Price Controls in Competitive
Definition and motivation.
Price controls are laws that set the
market price or put limits on it.
A price floor sets a minimum price.
1. Kinds of taxes.
2. Effects of a transactions tax.
Buyers and sellers prices.
3. Elasticity and taxes.
4. Progressivity and regressivity.
Major transactions ta
U.S. Government Debt
Structure of a Bond
One year T-bill.
Prices and yields.
Y ields and risk.
Other determinants of yield.
Typical Structure of a
Private or Government Bond
A bond is a (tradeable) promise b
Market Failure: Public Goods
1. The market underprovides public goods.
a. Nonrival goods.
b. Nonexclusive goods.
2. How government can boost provision.
Public goods is a term that economists
use for two separate categories of
Market Power and Inefficiency
The monopoly price.
Inefficiency from market power.
Mergers and antitrust.
Cartels, collusion, and antitrust.
Price regulation and natural monopoly.
The Monopoly Price
If the sellers in a comp
Efficiency of Competitive Markets
1. Efficiency of equilibrium in a single market.
a. Allocative efficiency.
b. Technical e ffic ienc y.
c . Distributive e ffic iency .
2. O ve ralle ffic ie nc y o fac o m pe titive m arke t
e c ono m y .
Surplus in a Com
Basic Roles of Government
1. Reasons for government intervention.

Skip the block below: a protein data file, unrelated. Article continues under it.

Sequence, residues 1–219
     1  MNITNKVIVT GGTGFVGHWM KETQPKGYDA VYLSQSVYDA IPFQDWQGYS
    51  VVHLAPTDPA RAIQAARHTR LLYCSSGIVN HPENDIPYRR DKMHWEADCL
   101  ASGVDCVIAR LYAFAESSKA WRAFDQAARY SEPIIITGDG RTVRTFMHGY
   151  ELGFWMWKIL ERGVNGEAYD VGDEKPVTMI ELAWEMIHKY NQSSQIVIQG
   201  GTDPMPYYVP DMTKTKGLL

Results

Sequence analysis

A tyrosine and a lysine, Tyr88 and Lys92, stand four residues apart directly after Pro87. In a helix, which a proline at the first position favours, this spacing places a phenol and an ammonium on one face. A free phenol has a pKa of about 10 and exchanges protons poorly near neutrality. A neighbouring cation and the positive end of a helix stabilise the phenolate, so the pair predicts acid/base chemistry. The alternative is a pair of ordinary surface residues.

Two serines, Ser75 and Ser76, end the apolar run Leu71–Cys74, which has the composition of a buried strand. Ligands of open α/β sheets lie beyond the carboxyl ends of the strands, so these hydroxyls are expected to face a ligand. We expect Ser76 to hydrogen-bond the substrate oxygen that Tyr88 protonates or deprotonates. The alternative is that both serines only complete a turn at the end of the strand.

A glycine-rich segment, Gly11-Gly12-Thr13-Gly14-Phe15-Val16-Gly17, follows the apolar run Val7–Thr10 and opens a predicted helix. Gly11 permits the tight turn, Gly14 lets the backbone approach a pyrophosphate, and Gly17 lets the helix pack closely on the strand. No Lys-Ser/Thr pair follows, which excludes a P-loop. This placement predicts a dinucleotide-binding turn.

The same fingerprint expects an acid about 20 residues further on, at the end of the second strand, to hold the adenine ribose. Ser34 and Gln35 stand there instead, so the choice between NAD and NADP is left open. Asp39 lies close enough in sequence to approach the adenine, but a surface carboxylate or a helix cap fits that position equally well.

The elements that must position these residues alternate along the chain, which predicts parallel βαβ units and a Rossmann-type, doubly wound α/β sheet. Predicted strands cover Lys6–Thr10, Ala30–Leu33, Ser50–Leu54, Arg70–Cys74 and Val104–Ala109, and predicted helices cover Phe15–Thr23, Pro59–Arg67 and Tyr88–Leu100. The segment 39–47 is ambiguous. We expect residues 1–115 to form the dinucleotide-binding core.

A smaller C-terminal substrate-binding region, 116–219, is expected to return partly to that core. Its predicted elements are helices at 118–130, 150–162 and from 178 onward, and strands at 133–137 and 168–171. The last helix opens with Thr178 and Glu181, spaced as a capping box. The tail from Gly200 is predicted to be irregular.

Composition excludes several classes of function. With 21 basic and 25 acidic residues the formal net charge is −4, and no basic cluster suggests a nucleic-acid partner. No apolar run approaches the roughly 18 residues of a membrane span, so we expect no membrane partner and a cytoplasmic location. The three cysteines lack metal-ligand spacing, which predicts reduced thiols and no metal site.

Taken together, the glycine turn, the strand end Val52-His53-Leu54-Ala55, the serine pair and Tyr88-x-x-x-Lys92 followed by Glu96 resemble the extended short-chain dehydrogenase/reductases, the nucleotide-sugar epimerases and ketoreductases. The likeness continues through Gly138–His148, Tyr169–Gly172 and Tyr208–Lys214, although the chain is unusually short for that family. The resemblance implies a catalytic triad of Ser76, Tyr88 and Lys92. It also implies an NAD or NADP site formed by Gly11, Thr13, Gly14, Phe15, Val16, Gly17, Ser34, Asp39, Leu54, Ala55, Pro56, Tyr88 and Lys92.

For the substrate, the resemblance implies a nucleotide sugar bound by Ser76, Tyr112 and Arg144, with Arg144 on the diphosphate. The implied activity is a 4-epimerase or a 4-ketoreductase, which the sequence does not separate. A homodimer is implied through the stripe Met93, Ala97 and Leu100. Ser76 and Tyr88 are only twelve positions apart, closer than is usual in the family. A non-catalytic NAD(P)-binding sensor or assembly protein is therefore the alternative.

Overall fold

2. Efficiency/fairness tradeoff.
3. Problems with government intervention.
Justifications for Government
1) Enforce the rules of the market system.
2) Correct inefficiencies.
Drug Policy & Elasticity
Policies curtailing use of drugs.
Definition of elasticity.
Determinants of demand elasticity.
Impact of elasticity.
Rationale for Curtailing Drug Use
Use (especially chronic use) of some
drugs has negative external ef
Antitrust Law: reduce market power by increasing competition
1. government blocks mergers
2. price fixing is illegal
3. increasing market power through unreasonable business practices is illegal (ex. Tying,
Tying: when someone buys a pr
Maria A. Silva
Jhael De Alba
Founded in 1971 by Frederick W. Smith.
FedEx reached its maturing stage.
First US company to reach $1 billion in
2. Allocative inefficiency from
3. Taxing a negative externality.
4. Positive externalities.
An externality occurs when an economic
activity (e.g., consumption or production)
has a direct impact on